When Prue Leith joined the cast of Great British Bake Off in 2017, people understandably had their strong opinions. She was, of course, no Mary Berry, who left when Bake Off producers moved the program from the BBC to Cable 4. (A somewhat niche drama for U.S. viewers.)
It’s always an abrupt change when, after many seasons, a show changes its hosts or judges, but my only real objection to Prue was a catchphrase she immediately introduced as her trademark: “It has to be worth the calories.” I first noticed the phrase in a season the premiered on Netflix in 2018, when Prue and fellow judge Paul Hollywood are evaluating a baker’s white-chocolate and cherry oatmeal biscuits, which she prepared with whole-meal flour. After taking a bite, Paul remarks, “Feels healthy!” to which Prue replies, “No, they’re not. But it is worth the calories.”
After railing against this comment at the time in a blog for my former employer, I’d assumed she had retired the saying, which I still contend brings too much of the Real to the Bake Off tent. To my best recollection, the phrase did not appear at all during the last season of the show—which aired during lockdown—and if Prue used it the season before that, it must have been sparing enough that I don’t recall. So imagine my dismay when Prue resurrected the expression less than halfway through the first episode of the newest season.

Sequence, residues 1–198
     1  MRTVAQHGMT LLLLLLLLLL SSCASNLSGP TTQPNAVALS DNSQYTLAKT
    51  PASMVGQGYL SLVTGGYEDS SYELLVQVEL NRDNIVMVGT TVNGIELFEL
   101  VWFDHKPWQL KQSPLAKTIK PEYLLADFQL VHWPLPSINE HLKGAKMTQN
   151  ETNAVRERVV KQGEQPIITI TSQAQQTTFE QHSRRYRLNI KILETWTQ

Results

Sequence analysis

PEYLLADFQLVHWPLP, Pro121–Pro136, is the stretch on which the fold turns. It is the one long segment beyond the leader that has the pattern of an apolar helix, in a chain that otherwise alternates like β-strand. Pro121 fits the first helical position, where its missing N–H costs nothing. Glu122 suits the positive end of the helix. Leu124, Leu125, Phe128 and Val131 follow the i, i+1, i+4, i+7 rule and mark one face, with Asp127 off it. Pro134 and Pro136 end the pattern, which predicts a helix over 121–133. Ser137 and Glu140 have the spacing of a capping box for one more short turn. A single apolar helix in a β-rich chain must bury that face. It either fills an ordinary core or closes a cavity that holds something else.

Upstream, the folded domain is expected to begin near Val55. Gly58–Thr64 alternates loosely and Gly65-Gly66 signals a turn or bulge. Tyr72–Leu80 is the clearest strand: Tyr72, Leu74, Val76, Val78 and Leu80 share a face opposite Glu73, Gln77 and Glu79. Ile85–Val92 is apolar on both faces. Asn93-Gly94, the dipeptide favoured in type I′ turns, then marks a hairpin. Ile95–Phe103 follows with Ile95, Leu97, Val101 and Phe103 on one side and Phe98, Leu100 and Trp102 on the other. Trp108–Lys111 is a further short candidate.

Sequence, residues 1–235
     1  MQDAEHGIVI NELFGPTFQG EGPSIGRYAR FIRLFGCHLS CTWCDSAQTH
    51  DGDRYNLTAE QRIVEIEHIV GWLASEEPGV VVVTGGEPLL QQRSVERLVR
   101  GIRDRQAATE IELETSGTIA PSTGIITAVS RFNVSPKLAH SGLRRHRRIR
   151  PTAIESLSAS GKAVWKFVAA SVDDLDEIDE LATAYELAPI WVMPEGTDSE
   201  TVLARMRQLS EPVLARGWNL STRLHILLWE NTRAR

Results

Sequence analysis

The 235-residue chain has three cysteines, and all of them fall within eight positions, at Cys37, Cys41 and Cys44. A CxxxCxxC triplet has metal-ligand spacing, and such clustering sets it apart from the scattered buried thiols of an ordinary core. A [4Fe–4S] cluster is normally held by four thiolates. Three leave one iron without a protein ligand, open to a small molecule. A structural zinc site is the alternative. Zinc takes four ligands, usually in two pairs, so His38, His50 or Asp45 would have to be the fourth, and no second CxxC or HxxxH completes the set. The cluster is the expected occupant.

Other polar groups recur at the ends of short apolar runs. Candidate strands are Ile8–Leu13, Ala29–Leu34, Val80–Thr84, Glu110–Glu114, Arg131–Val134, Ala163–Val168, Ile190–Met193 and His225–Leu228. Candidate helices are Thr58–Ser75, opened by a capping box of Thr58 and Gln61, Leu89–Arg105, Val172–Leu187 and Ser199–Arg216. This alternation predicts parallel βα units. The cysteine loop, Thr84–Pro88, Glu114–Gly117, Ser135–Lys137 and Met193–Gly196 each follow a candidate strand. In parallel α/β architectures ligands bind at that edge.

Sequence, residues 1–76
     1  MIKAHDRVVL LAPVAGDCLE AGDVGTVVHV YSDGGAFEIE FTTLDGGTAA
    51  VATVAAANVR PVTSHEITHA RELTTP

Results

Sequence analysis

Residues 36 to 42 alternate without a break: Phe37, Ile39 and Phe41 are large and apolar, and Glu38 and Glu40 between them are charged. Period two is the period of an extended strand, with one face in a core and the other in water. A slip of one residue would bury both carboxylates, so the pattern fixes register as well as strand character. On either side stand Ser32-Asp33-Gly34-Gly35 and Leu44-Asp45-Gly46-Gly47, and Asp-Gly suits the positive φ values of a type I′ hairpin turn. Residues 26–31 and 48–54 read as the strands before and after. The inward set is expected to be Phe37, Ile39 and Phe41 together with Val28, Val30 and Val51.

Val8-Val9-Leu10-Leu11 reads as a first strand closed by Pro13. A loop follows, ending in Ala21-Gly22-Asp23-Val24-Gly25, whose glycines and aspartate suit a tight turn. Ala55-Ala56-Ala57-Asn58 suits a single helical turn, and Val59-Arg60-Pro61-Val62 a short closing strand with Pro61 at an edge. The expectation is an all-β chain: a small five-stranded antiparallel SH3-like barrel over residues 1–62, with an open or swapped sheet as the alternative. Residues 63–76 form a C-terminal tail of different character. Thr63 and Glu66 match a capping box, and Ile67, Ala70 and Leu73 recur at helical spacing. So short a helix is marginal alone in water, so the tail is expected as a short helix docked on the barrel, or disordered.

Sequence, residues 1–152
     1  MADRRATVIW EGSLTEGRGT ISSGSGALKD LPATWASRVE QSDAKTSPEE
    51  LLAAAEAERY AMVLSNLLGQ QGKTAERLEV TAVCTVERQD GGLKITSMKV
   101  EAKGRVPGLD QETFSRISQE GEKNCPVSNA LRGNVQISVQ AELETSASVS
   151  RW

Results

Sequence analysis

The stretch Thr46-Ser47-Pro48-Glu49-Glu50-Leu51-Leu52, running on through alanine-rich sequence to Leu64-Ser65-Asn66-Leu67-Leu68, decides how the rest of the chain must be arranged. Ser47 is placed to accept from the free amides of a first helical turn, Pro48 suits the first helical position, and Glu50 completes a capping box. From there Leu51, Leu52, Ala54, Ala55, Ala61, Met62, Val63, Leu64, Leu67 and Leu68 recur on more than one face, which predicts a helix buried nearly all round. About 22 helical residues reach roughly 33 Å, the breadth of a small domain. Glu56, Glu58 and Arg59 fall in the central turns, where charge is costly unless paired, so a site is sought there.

This time, she and Paul were tasting mini Swiss rolls baked by a contestant named Jairzeno, who filled his with passionfruit caramel. After Paul points out that “the bitterness from the sugar is perfect” and the passionfruit filling is “delicious,” Prue hastens to add: “It is so worth the calories.”
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Once again, this kind of rhetoric doesn’t belong in the world of the Great British Bake Off, whose existence is confined to a serene green pasture in the British countryside where everyone has a profession that sounds slightly made up and, somehow, numerous hobbies not including baking. Great British Bake Off is escapism, or, as my coworker Emily Alford put it last year, “the decadent sublime”—a place to go away from the horrors of everyday life. It is no great demand, I think—on a show where the objective is to make elaborate delicious treats—that such a thing as “calories” be temporarily suspended. At the very least, there’s no need to mention them.